How travelling will change the way I cook
When I left my job as digital producer at delicious. magazine to follow my dream and travel around India, I was more excited about the food than anything else. Of course I was eager to experience the fantastic culture, soak up the history and witness the madness that is Indian traffic but the food was what I was had highest hopes for.
These are a few of the tips I picked up on my journey, from cooking lessons or eating in restaurants and cafes. They’ve influenced the way I cook Indian food at home, and maybe they will for you, too.
After the first day in Delhi, when our guide dropped us off for lunch to enjoy rich, gingery dhal, tandoori paneer and fresh, buttery naan, I realised the food in India was going to blow my mind.
Hot, spicy, fantastically flavoured and made with fresh ingredients everyday – Indian cooking was on a whole new level and there were exciting dishes to try every day. Malai kofte, navratan korma and brinjal fry, to name a few. As I travelled around the country over the next four months, I kept a detailed record of the best meals in my journal.
"There’s more than one way to cook a dahl. In fact, there’s hundreds."
A man in Udaipur who ran a small restaurant from the roof of his home told me that every person cooks dahl a little differently because they learn it from their mother and father.
Each time they make the inherited family recipe they will adjust it, depending on who they are cooking for.
One day adding a little more chilli and the next using less. In that way, each dahl is connected to the person who is passing it on.
Learning this completely changed the way I view dahl, it’s so much more than a simple side dish.
"Green beans are a key player when it comes to vegetarian curries..."
And while we’re at it, so are peas! Before we travelled to India, I made lots of veg curries at home and some of my first memories of cooking for my family are serving up tomato-based dishes, barely flavoured with shop-bought curry paste or a random selection of spices and usually bulked out with cauliflower or potatoes.
They were a sad affair compared to the rich, fragrant, spicy vegetable curries of Rajasthan. A classic recipe is made with aubergines, tomatoes, okra, peas, green beans and cashews.
I had never before thought to add green beans or peas to a curry but it’s a great way to add a touch of green and they won’t overboil, as you might expect.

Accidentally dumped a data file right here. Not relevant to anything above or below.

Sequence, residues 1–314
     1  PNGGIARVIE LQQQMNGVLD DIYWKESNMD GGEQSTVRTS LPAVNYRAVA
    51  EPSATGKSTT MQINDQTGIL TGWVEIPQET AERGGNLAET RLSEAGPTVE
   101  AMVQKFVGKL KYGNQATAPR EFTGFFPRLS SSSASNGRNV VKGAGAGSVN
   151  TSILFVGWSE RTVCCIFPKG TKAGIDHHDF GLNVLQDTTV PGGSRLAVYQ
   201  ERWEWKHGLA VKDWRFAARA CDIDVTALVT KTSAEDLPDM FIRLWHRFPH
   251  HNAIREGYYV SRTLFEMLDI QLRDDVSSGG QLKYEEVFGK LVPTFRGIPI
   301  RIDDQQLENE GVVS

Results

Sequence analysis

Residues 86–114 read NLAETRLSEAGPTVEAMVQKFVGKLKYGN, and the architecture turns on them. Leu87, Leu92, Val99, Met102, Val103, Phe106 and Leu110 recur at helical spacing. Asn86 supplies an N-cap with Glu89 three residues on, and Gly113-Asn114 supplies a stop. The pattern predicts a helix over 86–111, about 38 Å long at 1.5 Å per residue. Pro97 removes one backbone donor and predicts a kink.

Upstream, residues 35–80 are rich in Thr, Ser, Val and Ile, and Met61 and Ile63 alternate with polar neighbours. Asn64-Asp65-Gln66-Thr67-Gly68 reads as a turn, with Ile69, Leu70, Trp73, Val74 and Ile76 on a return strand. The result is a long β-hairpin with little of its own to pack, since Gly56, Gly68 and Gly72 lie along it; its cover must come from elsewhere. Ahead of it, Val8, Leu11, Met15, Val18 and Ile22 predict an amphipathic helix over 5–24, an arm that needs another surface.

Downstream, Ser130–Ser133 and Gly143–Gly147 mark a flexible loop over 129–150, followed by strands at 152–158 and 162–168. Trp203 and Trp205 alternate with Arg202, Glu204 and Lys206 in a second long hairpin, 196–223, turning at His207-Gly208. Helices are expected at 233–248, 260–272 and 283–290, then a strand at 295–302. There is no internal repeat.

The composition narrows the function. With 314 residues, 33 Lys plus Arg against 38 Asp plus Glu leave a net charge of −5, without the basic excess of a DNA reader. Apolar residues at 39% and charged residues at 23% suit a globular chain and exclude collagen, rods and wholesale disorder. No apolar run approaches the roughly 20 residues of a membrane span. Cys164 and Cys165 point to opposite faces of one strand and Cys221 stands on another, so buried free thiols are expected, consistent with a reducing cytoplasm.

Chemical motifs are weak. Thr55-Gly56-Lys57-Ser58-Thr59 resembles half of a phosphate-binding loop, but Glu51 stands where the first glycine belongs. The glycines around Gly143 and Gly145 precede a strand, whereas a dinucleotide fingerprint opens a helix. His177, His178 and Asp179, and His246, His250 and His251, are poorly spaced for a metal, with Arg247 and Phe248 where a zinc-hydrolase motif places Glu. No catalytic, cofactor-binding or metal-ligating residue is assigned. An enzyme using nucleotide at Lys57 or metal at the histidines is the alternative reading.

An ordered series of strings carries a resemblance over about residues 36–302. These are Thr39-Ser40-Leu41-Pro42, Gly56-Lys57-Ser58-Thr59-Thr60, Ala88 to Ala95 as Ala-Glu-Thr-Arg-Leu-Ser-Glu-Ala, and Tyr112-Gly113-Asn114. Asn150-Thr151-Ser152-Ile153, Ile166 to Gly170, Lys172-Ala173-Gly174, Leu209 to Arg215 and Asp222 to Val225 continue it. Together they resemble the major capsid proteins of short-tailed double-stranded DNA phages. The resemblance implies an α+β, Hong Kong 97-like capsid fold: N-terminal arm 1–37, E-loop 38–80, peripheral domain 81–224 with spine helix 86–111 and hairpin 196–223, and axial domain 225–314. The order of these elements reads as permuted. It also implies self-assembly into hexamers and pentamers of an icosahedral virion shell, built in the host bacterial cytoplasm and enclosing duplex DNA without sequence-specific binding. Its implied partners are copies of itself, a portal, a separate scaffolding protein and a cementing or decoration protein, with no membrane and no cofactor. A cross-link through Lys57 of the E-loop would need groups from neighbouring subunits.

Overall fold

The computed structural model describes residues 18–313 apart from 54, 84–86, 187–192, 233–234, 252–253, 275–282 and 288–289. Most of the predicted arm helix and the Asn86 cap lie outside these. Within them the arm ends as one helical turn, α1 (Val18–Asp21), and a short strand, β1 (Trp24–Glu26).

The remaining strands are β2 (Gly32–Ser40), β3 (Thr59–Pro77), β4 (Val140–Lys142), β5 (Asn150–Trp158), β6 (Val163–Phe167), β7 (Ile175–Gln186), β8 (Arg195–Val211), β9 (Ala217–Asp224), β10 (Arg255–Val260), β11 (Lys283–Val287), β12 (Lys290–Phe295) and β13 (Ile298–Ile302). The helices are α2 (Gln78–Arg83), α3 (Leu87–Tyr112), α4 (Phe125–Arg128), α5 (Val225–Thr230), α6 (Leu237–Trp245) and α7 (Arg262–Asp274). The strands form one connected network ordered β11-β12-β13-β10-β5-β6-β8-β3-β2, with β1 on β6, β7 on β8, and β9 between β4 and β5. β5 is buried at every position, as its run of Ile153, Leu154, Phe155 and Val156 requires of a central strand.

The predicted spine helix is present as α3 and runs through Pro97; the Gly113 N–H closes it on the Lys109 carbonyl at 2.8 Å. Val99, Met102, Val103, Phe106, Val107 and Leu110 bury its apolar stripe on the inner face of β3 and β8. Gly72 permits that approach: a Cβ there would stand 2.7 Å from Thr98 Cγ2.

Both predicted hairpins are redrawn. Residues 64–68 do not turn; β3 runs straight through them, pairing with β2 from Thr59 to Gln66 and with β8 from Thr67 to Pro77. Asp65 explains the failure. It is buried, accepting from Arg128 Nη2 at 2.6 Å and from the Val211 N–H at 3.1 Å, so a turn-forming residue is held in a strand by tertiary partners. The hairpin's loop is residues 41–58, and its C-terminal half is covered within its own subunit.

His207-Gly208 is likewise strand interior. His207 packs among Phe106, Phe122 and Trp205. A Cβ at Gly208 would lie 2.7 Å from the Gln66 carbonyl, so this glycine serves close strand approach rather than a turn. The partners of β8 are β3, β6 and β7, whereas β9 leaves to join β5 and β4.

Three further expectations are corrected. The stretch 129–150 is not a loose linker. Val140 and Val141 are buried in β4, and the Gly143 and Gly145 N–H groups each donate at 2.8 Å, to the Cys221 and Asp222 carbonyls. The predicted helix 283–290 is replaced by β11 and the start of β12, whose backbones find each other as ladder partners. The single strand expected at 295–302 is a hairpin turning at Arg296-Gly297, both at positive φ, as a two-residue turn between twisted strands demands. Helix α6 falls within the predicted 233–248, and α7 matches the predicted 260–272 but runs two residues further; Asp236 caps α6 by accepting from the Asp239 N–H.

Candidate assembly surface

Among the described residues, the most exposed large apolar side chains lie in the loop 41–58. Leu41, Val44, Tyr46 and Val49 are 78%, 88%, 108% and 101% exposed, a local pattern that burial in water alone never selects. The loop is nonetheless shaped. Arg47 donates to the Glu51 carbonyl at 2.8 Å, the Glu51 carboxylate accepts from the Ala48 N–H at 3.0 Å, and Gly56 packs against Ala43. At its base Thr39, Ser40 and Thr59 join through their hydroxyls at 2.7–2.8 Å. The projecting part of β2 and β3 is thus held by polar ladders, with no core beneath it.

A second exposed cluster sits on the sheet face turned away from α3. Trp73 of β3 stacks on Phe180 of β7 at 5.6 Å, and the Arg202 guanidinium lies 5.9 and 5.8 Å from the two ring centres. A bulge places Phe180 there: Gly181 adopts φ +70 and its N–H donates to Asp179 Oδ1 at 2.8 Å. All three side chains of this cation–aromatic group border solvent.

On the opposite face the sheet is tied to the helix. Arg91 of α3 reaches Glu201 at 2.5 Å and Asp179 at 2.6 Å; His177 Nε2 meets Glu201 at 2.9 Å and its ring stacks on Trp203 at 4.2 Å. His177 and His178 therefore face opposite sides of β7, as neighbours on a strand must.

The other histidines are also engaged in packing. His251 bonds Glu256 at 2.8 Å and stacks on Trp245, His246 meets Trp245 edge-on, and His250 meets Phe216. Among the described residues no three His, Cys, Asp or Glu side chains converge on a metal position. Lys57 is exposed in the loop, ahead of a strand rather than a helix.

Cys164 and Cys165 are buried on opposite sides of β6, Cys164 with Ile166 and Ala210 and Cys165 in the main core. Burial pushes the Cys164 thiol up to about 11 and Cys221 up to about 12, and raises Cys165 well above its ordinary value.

There’s no end to the ways you can cook with paneer. Of course, it’s delicious in the British curry house classic, sag paneer, but that certainly isn’t the best way to eat it.
I tried it in a burger, chargrilled in a tandoor with peppers and tomatoes, in a range of curries, fried in golden batter to make pakoras or my favourite, in a salad similar to a Middle Eastern fattoush. The squeaky, saltiness was perfect with fresh, crunchy vegetables.
"Don't over-complicated a fish curry..."
In Goa and Kerala it’s called ‘fish-curry-rice’ (all one word) on the menu and there’s really no need for it to be anything else. Crispy-skinned, fried fish fillet, plain rice and a tamarind-flavoured ‘gravy’ (the sauce). It’s simple perfection.
This tangy green chutney made with coriander, lemon, and chilli is a must-have in any Indian fridge and can transform plain steamed fish or a greasy samosa into something truly incredible. It’s the perfect balance of zingy, fresh and fiery and my mouth is watering just thinking about it! I’ve recreated it at home using Meera Sodha’s brilliant recipe.
"Chop, chop and then chop some more."
If you’ve ever made a curry at home you’ll notice the recipe begins with finely chopping chilli, garlic, onion and ginger. You probably think you’ve been chopping the ingredients fine enough but I can almost guarantee you haven’t!
They should become a thick paste which is then cooked with plenty of oil until soft and breaking down. This vital step sets the flavour for the whole dish and over- or under-cooking those ingredients, or cutting them into chunky pieces, will change the end result.
At home, we get in to the habit of ordering rice with curry. And while it is nice for soaking up the sauce (or building a rice wall to seperate your dishes) I’ve been fully converted to ordering bread instead. There’s so many to choose from; simple chapatis, whole wheat rotis, flaky paratha or buttery, charred-on-the-bottom naan. There’s no better way to mop up that last mouthful.
"Cut down on the rice, hero the breads..."
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